Badagry is not Nigeria’s ‘Door of Civilisation’

It is not uncommon to hear or read the Ogu or Awori native of Badagry describe his hometown as “the door of civilisation in Nigeria”. Sometimes, in expressing this idea, he would opt for “cradle” in place of the metaphoric “door”. The question that promptly comes to mind is: What is the origin of this idea, and what really is meant by it? In answering this two-fold question, it is important to point out that the Badagrian is wont to make the statement, putting on some airs as he does, while lamenting some marginalisation of Badagry and/or her peoples. At other times, he throws in this line in an attempt to (re-)claim for Badagry its (deserved) pride of place in Nigeria’s history and in the national scheme of things. That supposed pride of place ties into the town’s long history as a prime foothold for three critical conjunctures in Nigeria’s evolution: the transatlantic trade in enslaved Africans, the Christian mission, and the colonization of the area that became Nigeria. All three episodes, which lasted several centuries, marked some watersheds in the trajectory of what is today the Nigerian state. For being a beachhead for those epochal phases, Badagry is today a popular tourist destination not just for visitors from every part of Nigeria, but also internationally. It should however be noted that as much as those episodes had much to do with the territories and populations that became Nigeria and Nigerians, they had a lot to do with external forces, that is European interlopers.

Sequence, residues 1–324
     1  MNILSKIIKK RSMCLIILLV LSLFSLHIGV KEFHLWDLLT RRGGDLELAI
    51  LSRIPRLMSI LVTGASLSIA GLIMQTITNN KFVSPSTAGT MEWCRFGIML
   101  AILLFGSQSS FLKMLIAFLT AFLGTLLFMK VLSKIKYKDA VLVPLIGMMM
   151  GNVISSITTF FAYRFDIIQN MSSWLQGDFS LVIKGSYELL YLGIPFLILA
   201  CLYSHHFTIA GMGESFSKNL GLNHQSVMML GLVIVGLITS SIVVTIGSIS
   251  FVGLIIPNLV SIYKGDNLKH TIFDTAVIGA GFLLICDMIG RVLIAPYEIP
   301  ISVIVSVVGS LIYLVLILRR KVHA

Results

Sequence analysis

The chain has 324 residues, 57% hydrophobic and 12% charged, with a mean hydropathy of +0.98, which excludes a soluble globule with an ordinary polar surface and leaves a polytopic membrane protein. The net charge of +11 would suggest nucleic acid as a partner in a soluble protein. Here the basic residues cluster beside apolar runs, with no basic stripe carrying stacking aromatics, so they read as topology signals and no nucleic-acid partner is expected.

On the question of origin, the portrayal of Badagry as the door—or cradle—of Nigeria’s civilisation is arguably a quite recent idea. Tenably, its source is traceable to the first stanza of the school anthem of the town’s first secondary school, Badagry (Senior) Grammar School (BGS). It goes thus:
Badagry town door of civilisation
First Christianity and Merchants the next
Then followed order and regulation
Where Yorubas with Eguns are at rest

It stands to reason that it is from this verse, which was composed in 1960 by one Right Rev. M.T.E. Euler-Ajayi, a pioneer teacher of Christian Religious Knowledge and Yoruba in the school, that the conception of Badagry as the country’s cradle of civilisation emerged and became popular with time. Since the establishment of BGS in 1955, a development which came some 110 long years after the country’s first Western-style primary school was established in the town, generations of its students—natives and non-natives alike—have for over six decades been indoctrinated with that ideology, and they have in turn contributed to popularising it.

My main argument in this piece is that this idea is ethnocentric, Eurocentric, and should be discarded forthwith. The logic behind the idea essentially glorifies Western cultures over and above indigenous ways of life. This, indeed, comes as no surprise given that the pioneering principals of the secondary school were Irish Catholic missionaries of the Society of African Missions (SMA), just as the composer of the anthem was an evangelical Christian. This explains the pro-European perspective that sees Badagry as Nigeria’s door of civilization chiefly because the town hosted the first waves of European expatriates, and their culture, and landmarks such as the first Western-style primary school, the first Western-style storey building, and so forth. This is what is essentially meant by the popular expression.
It is impossible to divest this idea from the vainglorious missionary and imperialist mindset which rationalised and moralised the Christian mission as a ‘civilizing mission’ to bring peoples who were thought to be primitive, backward and heathen out of their barbarism, savagery, paganism and damnation.